Though adored by critics, "Blue is the Warmest Color", a favorite on the festival circuit is receiving criticism from another source: its makers. A film about sexual discovery among two women, already famous for a 12 minute lesbian sex scene, no longer rides on the passion the film itself set out to create.
Director Abdellatif Kechiche has been accused of providing an unsuitable environment for his actors and crew. Léa Seydoux, one of the leads, was particularly frank when it came to the working conditions on set.
It’s just that it was horrible -- the shooting was horrible. And yes, of course, as an actress it’s my job, and sometimes you can feel manipulated but in a way that goes beyond the movie, it goes beyond the character. It’s something that touches you deeply, the human being, and you can feel not respected and that this is not work anymore.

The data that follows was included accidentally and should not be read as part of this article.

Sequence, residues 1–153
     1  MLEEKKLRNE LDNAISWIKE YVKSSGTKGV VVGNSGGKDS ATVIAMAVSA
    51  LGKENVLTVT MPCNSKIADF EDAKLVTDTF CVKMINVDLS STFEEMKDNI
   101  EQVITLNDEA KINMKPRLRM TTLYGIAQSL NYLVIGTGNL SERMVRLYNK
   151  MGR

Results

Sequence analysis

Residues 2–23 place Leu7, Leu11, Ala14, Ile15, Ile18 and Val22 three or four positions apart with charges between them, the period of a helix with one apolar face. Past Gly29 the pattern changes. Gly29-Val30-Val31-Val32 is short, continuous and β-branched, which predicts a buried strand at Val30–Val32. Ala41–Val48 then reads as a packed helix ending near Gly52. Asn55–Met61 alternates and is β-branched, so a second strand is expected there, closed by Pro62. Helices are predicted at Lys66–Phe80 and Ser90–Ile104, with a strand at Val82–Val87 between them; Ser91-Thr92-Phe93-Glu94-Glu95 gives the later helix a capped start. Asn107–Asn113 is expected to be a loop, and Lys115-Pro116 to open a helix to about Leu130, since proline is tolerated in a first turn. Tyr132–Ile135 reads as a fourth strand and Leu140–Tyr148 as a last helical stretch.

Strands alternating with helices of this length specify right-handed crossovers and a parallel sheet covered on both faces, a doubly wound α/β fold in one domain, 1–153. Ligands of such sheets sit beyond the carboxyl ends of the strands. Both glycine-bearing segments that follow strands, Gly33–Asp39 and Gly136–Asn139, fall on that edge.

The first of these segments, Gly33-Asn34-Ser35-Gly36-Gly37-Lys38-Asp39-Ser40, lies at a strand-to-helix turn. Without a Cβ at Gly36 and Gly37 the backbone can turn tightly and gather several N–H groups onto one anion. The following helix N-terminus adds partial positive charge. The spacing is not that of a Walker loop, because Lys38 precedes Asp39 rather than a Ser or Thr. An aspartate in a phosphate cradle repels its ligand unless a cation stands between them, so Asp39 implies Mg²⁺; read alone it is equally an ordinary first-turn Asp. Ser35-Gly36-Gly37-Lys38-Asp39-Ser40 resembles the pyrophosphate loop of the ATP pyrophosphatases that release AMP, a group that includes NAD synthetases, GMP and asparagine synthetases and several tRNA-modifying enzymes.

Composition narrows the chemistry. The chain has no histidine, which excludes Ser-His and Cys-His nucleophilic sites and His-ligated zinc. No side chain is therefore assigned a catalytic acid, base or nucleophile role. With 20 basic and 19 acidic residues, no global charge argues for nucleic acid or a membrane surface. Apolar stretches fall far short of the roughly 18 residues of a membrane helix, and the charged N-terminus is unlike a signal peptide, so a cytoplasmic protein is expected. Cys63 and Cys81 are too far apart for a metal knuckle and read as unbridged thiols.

These kind of rivalries are not uncommon but Mr. Kechiche's response to the backlash turned things in another direction. Speaking of the betrayal he felt:
I think this film should not go out; it was too sullied. I felt a rejection of me; I live like a curse.
Fearing his actors' comments will prove it impossible for audiences to watch the graphic scenes "with a clean heart and a watchful eye" he added:
In advance, they will ask: 'Did this man not harass the girls? Did they not cherish [the experience], too, and they do not dare say it?
Through the controversy, the film continues to reap the benefits of its negative process and is becoming one of the most talked about film of the year.
The film will be released uncut with an NC-17 rating on Oct. 25.